India's capital of New Delhi is regarded as a must-see for travellers to the country. But after the brutal gang rape on Dec. 16 that killed Jyoti Singh Pandey, a 23-year-old Indian woman, New Delhi has faced mounting pressure from locals across the nation to change the country's societal attitude towards women.
Pandey's death also brought international attention to New Delhi's reputation as India's "rape capital," prompting some to question how safe India is for female travellers.
In light of this, HuffPost Canada Travel reached out to three travel experts familiar with travelling in India. In the video above, you'll hear the personal experience and advice from Rudayna Bahubeshi, a freelance writer who studied and travelled solo in India; Marybeth Bond, the author behind travel books like Gutsy Women, and Mariellen Ward, the writer behind the award-winning blog on India, breathedreamgo.com.
As Ward told viewers, attitudes towards women vary, depending on whether you live in India or are just visiting.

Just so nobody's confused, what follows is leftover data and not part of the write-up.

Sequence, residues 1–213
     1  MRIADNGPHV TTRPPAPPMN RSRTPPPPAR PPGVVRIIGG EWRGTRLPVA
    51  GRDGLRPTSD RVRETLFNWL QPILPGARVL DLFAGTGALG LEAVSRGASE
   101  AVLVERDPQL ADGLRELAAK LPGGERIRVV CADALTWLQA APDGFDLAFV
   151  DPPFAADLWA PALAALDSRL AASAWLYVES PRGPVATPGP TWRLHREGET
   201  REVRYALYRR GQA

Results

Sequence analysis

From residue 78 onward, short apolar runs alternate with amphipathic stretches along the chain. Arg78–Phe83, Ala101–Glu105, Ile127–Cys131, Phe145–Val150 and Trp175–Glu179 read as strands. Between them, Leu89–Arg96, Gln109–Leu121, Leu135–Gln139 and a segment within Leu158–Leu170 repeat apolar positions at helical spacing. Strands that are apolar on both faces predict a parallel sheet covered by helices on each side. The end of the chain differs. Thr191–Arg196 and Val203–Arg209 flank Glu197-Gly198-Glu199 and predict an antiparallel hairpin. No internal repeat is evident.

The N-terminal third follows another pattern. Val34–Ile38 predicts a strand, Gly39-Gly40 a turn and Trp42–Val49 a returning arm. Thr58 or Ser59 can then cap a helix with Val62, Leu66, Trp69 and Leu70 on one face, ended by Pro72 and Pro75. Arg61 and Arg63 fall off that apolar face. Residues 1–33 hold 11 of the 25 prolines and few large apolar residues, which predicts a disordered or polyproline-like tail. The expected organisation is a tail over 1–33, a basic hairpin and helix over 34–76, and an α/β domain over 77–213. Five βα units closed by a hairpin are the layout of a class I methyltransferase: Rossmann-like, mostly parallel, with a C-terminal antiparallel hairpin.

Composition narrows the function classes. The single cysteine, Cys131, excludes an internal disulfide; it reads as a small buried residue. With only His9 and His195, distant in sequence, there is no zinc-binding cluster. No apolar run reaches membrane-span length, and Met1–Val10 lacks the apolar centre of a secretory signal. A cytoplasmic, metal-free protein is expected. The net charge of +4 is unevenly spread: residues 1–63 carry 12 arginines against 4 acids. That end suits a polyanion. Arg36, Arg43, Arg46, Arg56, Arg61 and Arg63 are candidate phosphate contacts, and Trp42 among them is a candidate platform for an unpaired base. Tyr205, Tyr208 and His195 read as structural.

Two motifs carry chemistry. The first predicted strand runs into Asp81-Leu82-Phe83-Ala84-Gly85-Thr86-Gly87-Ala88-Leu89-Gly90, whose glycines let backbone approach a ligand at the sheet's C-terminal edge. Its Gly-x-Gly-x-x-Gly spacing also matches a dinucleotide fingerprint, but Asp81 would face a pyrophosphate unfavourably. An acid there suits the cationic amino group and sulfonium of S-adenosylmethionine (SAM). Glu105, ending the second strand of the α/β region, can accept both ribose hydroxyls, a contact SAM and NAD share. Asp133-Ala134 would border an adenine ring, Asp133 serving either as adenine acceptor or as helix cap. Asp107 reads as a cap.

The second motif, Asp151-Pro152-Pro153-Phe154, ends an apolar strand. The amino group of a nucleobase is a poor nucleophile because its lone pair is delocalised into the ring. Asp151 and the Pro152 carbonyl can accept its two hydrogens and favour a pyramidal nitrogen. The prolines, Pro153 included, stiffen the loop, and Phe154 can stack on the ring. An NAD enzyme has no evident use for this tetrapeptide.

"There's a big difference between being a women living in India and a foreign traveller, travelling in India. It's two completely different worlds. [Foreign travellers are] not subject to the social structures Indian women are. We have a lot more freedom and some say we get a lot more respect," said Ward.
For Bahubeshi, Pandey's death followed an "unfortunate history of horrific attacks" against women in India. She's been the target of unwanted attention from men while travelling, but not just in India.
"I was violated on a Delhi train but honestly, these things happen all over the world — that's not to trivialize them, they're awful, but it's happened to me in Italy too." Bahubeshi also adds that with common sense and precaution, female travellers in India can feel safe.
Such precautions include spending money when it's needed, says Bond.
"I think India is a tough destination. You need to do a little preparation, you need to read what it's like to be a woman, be prepared and at times, be ready to spend that extra money and taxi instead of [taking] a public bus," said Bond.
For more advice from Bond, Bahubeshi and Ward, you can watch the entire chat in the video above.
What kind of precautions do you take when travelling? Feel free to share in the comments below or tweet your answer to @HPCaTravel.
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